BOSTON -- With the Boston Bruins leading the Carolina Hurricanes 2-0 in the Eastern Conference Final, there's a sense of confidence around the team, around how they're playing, around their prospects as they stand two wins away from the Stanley Cup Final.
But as Bruins president Cam Neely made clear on Monday, he does not believe the team is overconfident heading into Game 3 of the best-of-7 series at PNC Arena on Tuesday (8 p.m. ET; NBCSN, CBC, SN, TVAS). Boston has too many players who've been there before to get ahead of itself; six were a part of the team that went to the Cup Final in 2013, five when it won it in 2011.
"Obviously, the group feels confident but understands that we're going into their building," Neely said at the unveiling of "Bear Force One," a Bruins-themed plane that's a new addition to the JetBlue fleet at Logan Airport. "It's going to be a tough match. We've got to be prepared for their best game.
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"Fortunately, we've got a lot of guys that have been through this before and we think they'll get the group ready."
That is the benefit of having those kinds of veteran players and a group that knows what it takes to get to this point in the season.
For those who don't, that's where the leadership steps in. Neely has seen this team grow together, merge the two groups, and become a dynamo through the first two rounds of the playoffs.
"I think they realize they're a good team and they have confidence, but they're not overconfident," Neely said. "They understand that they can play with anybody and they've shown that. So the big thing for me is they've got this confidence about themselves that they know they're a good team but they have to put the work in. You saw Game 1 [against the Hurricanes] where we didn't have a great second period and we're behind the eight ball. So they came out with a different mindset in Game 2."
Video: Reaction to Bruins' huge Game 2 win against Carolina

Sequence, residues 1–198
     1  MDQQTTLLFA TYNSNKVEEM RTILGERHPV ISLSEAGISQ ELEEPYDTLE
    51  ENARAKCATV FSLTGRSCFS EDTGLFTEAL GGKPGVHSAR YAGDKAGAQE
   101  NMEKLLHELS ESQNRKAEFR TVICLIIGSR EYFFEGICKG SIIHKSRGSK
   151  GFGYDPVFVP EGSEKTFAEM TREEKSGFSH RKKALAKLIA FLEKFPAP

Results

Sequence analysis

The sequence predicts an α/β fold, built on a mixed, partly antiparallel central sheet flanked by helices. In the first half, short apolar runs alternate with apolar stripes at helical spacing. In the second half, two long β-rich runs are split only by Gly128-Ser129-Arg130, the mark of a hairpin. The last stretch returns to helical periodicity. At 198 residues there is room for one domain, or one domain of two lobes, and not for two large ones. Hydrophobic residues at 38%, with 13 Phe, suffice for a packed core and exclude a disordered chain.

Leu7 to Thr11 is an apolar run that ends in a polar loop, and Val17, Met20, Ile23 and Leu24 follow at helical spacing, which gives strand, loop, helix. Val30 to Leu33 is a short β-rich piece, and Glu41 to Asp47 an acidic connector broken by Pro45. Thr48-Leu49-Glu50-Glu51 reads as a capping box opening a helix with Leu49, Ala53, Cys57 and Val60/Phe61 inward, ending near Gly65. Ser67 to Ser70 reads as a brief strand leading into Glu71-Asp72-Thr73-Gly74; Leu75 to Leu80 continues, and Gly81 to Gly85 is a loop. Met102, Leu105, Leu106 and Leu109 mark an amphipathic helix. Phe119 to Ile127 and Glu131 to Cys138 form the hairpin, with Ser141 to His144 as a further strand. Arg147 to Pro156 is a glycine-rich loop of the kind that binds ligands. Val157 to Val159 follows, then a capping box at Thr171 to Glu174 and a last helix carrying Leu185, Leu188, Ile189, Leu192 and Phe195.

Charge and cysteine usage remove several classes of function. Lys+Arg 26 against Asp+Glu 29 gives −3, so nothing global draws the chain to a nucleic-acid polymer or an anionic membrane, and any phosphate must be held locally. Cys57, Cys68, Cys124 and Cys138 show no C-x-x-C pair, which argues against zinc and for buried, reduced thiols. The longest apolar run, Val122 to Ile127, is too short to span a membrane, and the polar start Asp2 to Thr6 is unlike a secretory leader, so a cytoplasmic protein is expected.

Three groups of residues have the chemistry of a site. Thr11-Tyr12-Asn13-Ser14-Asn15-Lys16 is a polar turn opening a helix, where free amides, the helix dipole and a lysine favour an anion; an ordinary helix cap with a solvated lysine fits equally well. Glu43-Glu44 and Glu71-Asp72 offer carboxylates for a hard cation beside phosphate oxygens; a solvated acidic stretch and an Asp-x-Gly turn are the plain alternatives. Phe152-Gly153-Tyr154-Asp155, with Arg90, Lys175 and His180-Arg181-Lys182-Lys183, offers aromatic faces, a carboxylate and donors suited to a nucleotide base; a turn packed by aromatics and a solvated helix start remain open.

That earned them a six-goal lead on the way to a 6-2 win Sunday.
It's something the Bruins might have seen coming as recently as February. At the start of the season, the goal was to make it to the Cup Final, but management knew there was a long way to go and a lot of variables to face before they got there.
"When we talked about our group and what we needed to accomplish throughout the year, we thought we had a chance to compete for the Cup," Neely said. "You never know what's going to happen with injuries and whatnot, and we certainly had our fair share at the start of the year. Then at the [2019 NHL Trade] Deadline, we acquired two players that have been certainly instrumental in our success right now and the depth has been key for us.
"So after the deadline, we really looked at our club at said, 'We've got something special here, potentially.'"
That might have been the turning point. On Feb. 20, less than a week before the deadline, Boston was second in the Atlantic Division (behind the Tampa Bay Lightning), second in the Eastern Conference and third in the NHL with 80 points.
Video: Johansson talks to Jaffe about Bruins' Game 2 win
But the Bruins still hadn't solidified their third line, and the right wing on the second line -- David Krejci's line -- was up in the air. Enter forwards Charlie Coyle and Marcus Johansson, acquired from the Minnesota Wild and New Jersey Devils, respectively. Coyle was acquired for forward Ryan Donato and a conditional fifth-round pick in the 2019 NHL Draft that became a fourth-round pick when the Bruins made the second round of the playoffs; Johansson was acquired for a second-round pick in the 2019 draft and a fourth-round pick in the 2020 NHL Draft.
"I think the players that were available were players that we felt we needed to upgrade our group and that doesn't necessarily happen every deadline," Neely said. "There's some deadlines where there's really good players available, but you don't really want to give up the assets to get them. This deadline, where we were and what we needed and the players that were available, we were able to get something done."
Coyle has 12 points (six goals, six assists) in 15 playoff games and Johansson has nine points (three goals, six assists) in 13 games as the two have paired on the third line to create depth Boston hasn't had in years.
Which gives the Bruins a good feeling about themselves heading into Game 3. They have the right players, they believe, and they have the knowledge of what it takes to make it this far -- and potentially even further.
"It's guys understanding what it takes to win at this time of year and that rubs off on players that hadn't maybe been this far," Neely said. "To have some of that experience going into this year with guys that have already won and been to a Final another time, it just rubs off and they show them how to prepare properly."
And ultimately, how to win.
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